Brownification of freshwaters - the role of dissolved organic matter and iron

Research output: ThesisDoctoral Thesis (compilation)


The term brownification refers to the trend of increasing water color, i.e. the water becoming browner, which has been observed throughout the northern hemisphere over the last decades. Brownification has both ecological and societal implications. From an ecological point of view the impaired light climate may e.g. reduce aquatic primary production and affect predator-prey interactions within the water, while from a societal point of view brownification may obstruct drinking water purification and reduce the recreational value of lakes.

Traditionally, the increasing water color has been ascribed to increasing concentrations of dissolved organic matter (DOM) from the catchment, as DOM concentrations and water color often correlate both spatially and temporally. Several mechanisms have been proposed as the driver behind the increasing DOM concentration, e.g. decreasing acidification, land-use changes and climate change with increasing precipitation and temperature. Interestingly, in many cases the water color has increased more than the DOM concentration, implying that increasing DOM concentration alone is not sufficient to explain the increase in water color. Thus, there must be other factors also affecting the water color.

In this thesis I show, in a field experiment, that lower acid load results in a higher net charge of the organic matter in soils and thereby a higher solubility and mobility, which should facilitate a higher transport of DOM from the terrestrial to the aquatic system. Moreover, concurrent with the increase in mobility, there was a change in the quality of the DOM, where DOM from a lower acid load was relatively more colored, aromatic and of higher molecular weight. Thus, a reduction in acid load may contribute to brownification by increasing the export and the color of terrestrially derived DOM to the aquatic system. Experiments were performed to test if the altered quality of the mobile soil DOM may affect its reactivity in the aquatic system. It was found that the susceptibility to photodegradation increases, while the susceptibility to bacterial degradation decreases. The relative importance of each turnover process may hence be altered due to the decreasing acidification.

Another factor affecting the water color of freshwaters is the concentration of iron (Fe) in the water. Still, the potential role of Fe to brownification has not previously been addressed. Data from long-term monitoring showed that water color of most Swedish rivers have increased significantly since the early 1970’s. More surprisingly, most rivers also exhibit strongly increasing iron concentrations (up to 470 %). Increases is DOM concentration were significantly lower than the increase in water color and theoretically, variations in Fe concentration could explain on average 25 % and up to 75 % of increasing water color.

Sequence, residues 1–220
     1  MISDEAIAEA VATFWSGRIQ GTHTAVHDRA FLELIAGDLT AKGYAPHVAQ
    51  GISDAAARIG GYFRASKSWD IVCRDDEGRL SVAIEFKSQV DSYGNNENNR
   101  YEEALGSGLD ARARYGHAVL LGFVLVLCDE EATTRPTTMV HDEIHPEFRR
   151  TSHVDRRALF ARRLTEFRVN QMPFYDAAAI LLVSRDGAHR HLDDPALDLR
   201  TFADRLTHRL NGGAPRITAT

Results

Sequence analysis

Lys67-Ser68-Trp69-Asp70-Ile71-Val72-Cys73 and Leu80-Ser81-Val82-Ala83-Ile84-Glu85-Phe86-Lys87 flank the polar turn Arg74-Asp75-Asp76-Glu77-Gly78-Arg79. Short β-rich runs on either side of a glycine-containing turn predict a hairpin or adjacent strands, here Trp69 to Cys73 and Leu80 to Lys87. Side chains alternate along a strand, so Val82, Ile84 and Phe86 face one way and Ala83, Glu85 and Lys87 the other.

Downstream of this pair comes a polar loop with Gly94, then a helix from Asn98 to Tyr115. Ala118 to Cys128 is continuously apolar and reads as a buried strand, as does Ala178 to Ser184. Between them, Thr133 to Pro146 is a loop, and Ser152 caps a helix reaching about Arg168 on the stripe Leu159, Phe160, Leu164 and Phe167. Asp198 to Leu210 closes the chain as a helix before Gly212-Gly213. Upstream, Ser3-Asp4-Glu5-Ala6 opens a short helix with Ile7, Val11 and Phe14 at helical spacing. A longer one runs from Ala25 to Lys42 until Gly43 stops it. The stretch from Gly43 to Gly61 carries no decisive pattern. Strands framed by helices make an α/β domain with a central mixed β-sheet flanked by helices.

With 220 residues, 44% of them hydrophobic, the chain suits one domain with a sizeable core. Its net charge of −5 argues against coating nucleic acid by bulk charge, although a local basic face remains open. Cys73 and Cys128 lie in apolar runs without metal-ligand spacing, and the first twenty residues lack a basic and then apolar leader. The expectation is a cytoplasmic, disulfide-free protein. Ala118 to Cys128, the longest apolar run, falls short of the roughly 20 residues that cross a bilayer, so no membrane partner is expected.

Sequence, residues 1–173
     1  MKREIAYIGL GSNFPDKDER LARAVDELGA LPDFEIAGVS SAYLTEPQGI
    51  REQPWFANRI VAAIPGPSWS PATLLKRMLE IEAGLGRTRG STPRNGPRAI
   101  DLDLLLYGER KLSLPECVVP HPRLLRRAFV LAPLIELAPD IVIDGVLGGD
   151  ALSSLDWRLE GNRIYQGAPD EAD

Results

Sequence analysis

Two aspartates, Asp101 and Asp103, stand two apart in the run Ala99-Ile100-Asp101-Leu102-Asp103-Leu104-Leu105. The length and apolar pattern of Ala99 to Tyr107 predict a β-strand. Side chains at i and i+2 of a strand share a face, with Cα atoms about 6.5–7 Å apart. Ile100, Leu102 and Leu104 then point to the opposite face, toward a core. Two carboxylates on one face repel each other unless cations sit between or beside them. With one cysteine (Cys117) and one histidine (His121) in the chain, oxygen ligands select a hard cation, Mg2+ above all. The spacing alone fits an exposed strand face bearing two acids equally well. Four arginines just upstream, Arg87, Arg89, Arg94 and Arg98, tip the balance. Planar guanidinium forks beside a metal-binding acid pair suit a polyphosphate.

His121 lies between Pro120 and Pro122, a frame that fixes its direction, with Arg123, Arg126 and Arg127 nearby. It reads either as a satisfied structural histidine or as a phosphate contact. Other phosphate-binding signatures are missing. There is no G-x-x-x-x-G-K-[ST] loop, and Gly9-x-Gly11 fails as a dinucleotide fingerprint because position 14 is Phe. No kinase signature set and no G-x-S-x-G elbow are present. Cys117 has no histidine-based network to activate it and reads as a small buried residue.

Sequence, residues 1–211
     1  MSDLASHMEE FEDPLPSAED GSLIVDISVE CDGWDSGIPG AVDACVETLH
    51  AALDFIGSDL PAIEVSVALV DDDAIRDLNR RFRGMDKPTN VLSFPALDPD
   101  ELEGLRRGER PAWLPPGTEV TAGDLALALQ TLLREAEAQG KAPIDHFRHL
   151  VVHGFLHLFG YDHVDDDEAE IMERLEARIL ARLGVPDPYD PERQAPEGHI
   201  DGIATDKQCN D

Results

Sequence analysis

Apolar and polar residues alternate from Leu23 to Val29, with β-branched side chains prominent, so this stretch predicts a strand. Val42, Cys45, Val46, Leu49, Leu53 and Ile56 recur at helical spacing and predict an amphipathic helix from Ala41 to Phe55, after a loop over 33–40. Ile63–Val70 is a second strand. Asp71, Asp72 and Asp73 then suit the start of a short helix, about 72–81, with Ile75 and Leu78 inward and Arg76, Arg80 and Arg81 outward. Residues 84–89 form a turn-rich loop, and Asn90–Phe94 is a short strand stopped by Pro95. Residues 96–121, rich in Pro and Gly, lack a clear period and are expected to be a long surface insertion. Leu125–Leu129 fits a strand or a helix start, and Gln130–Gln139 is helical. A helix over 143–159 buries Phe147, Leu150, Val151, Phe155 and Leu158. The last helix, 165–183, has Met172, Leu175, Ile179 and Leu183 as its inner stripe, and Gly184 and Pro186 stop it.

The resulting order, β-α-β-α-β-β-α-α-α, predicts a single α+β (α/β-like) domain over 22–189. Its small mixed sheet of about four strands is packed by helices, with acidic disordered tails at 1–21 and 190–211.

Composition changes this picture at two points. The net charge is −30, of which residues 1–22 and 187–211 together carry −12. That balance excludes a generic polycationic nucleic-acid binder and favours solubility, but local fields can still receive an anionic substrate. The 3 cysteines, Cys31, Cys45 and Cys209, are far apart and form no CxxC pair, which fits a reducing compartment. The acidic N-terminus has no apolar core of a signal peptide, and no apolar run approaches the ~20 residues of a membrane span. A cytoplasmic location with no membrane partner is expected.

Fe plays a key role in aquatic systems, affecting the biogeochemical cycling of many major elements, such as carbon, nitrogen and phosphorus. Thus the increasing Fe concentrations may have profound consequences. By analyzing within-year variations in water chemistry, air temperature, and dis-
charge of three Swedish rivers, I explored what control Fe concentrations. It appears that variations in Fe concentrations are primarily driven by redox dynamics in the catchment. High discharge and high temperature create conditions that favor bacterial activities and reductive dissolution of the largely insoluble Fe(III) to the more soluble Fe(II). Fe(II) may then be transported from the soil to the aquatic system. Once in the oxic stream water, interactions with DOM maintain the Fe in solution. Furthermore, long-term trends of increasing air temperature and discharge in these catch-ments may have extended the periods of reducing conditions by increasing microbial activity and soil saturation, and thus have facilitated Fe transport to the aquatic system.

In summary, it appears that in south Sweden, where the acidification has been high historically, the impact of decreasing acidification on organic matter mobility may be a major factor behind brownification, whereas in the north where the acidification has been much more restricted, increasing Fe concentrations may be more important. Climate change with increasing precipitation and temperature may increase the prevalence of reducing conditions in the soils, further facilitating the export of Fe to the aquatic system and causing a continuous brownification of the freshwaters.


  • Sara Ekström
Research areas and keywords

Subject classification (UKÄ) – MANDATORY

  • Ecology


  • Brownification, freshwater, water color, dissolved organic matter (DOM), iron (Fe), decreasing acidification, climate change
Original languageEnglish
Awarding Institution
Supervisors/Assistant supervisor
Award date2013 Nov 1
  • Department of Biology, Lund University
Print ISBNs978-91-7473-683-0
Publication statusPublished - 2013
Publication categoryResearch

Bibliographic note

Defence details Date: 2013-11-01 Time: 09:30 Place: Blue hall, Ecology building, Sölvegatan 37, Lund External reviewer(s) Name: Evans, Chris Title: PhD Affiliation: Centre for Ecology and Hydrology, Bangor, UK ---

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